Role of Philanthropy
Millions of people across Northern California benefit when philanthropic organizations, corporations and individuals donate time, talents, resources and money to improve health in our communities. In 2014, our not-for-profit network received more than $83 million from these generous givers, whose caring allowed us to buy equipment, invest in new technologies, develop preventive care programs, build facilities, support clinical research, address emerging community needs and serve people with little or no access to medical services or the means to pay.
Innovative tool helps customize care
In 2014, Sutter Health employed an innovative analytics tool in an effort to better serve Bay Area patients who frequently use hospital emergency departments for nonurgent care. With $500,000 from Sutter Health philanthropic foundation Better Health East Bay, our Alta Bates Summit Medical Center in Oakland and Sutter Health researchers implemented the tool—a mapping software called Hotspotting—that uses claims records and billing data to find geographic “hot spots” of patients who use emergency departments disproportionately. The tool will help us connect these patients—many of whom have chronic illnesses or face challenges such as homelessness—with community partners that can provide them with the primary health care and social services they need to stay well and out of the hospital. It also will help us reduce our overall costs of care.
Philanthropy aids detection of breast cancers
Donors in San Mateo County concerned about their community’s high rates of invasive breast cancer gave more than $2.1 million in 2014 to help Sutter Health purchase five digital breast tomosynthesis scanners at our Mills-Peninsula Women’s Center. The advanced scanners provide 3-D mammography, allowing our radiologists to look through breast tissue in thinner layers, which enables earlier detection of small, localized tumors and reduces the number of false-positive readings. In the first few months of use, the scanners detected six new cancer cases that would not have been found with older technology. Also, with false-positive readings reduced, fewer patients faced the anxiety of additional testing.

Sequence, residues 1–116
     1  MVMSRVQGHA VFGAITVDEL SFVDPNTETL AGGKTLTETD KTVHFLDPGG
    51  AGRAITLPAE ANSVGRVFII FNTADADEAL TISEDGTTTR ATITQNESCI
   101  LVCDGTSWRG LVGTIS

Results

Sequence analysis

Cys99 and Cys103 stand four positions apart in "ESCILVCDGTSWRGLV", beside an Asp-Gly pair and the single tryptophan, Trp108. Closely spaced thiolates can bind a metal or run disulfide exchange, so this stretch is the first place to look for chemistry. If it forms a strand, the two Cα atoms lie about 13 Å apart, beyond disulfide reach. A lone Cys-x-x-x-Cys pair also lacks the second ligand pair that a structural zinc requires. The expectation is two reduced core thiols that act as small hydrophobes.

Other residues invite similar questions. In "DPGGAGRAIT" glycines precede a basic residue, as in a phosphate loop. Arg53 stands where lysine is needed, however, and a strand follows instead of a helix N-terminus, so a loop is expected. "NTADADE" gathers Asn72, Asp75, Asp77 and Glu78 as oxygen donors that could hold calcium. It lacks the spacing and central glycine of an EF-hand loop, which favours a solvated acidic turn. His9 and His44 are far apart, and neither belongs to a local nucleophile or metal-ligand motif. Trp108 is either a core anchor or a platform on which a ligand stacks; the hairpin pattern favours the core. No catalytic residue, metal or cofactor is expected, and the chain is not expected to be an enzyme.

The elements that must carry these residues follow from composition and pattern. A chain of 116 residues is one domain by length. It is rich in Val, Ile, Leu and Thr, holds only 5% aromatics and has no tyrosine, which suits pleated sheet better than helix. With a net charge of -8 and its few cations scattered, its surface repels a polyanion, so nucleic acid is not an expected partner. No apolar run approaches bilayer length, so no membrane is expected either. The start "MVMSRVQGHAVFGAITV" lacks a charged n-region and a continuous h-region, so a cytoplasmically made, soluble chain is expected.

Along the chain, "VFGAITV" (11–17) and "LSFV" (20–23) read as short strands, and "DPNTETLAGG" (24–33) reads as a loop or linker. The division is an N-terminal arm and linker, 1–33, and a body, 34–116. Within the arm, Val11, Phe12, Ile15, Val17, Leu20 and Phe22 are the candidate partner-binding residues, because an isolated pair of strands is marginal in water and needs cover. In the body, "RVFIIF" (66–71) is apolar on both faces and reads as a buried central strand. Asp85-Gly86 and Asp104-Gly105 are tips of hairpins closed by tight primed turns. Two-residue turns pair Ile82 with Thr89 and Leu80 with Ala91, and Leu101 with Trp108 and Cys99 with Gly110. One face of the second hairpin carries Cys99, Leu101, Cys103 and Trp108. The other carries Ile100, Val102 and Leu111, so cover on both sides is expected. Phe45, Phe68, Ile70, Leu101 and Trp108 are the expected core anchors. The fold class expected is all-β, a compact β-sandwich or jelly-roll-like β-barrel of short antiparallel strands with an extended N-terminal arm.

Gifts further development of biobank
Philanthropists donated $1.3 million in 2014 toward the continuing development of our Sutter Health Biobank, designed to help us better understand why certain diseases occur and who stands most at risk. Launched by our Palo Alto Medical Foundation researchers, the biobank will gather and pair human biological material, such as blood samples, with electronic health record information, such as blood pressure and lifestyle data, from consenting patients across our network of more than 3 million ethnically and racially diverse people. Findings will help us make earlier, more accurate diagnoses of cancer, diabetes and other diseases and provide our patients with more personalized treatment options at lower overall cost.
Volunteers offer time, talent and TLC
Every day in hospitals, home health programs and care centers across our network, volunteers add a personal touch to our services by helping patients and families feel more comfortable and at home. In 2014, more than 5,000 volunteers donated thousands of hours to assist patients and families in countless compassionate ways—greeting visitors, giving directions, providing transportation, rocking babies, feeding patients and comforting those in hospice care. At some of our hospitals, trained volunteer therapy animals—dogs, cats and even a couple of miniature horses—provide patients and families with their own special brand of tender loving care.
Donors fund palliative care education
The generosity of an internist who trained at Sutter Health’s California Pacific Medical Center and her father spurred the 2014 creation of an innovative Bay Area-based training program for physicians. Working with doctors in our Sutter Pacific Medical Foundation, Shoshana Ungerleider, M.D., created a curriculum to educate residents and interns on palliative care, a multidisciplinary approach to caring for seriously ill people that emphasizes relief of pain, symptoms and stress to improve patients’ quality of life. Dr. Ungerleider and her father, clinical psychologist and author Steven Ungerleider, underwrote the initial training costs. The program teaches doctors advanced communication skills that can help them respond effectively and compassionately to the unique needs of seriously ill patients and their families. It also helps doctors focus on their own wellness needs.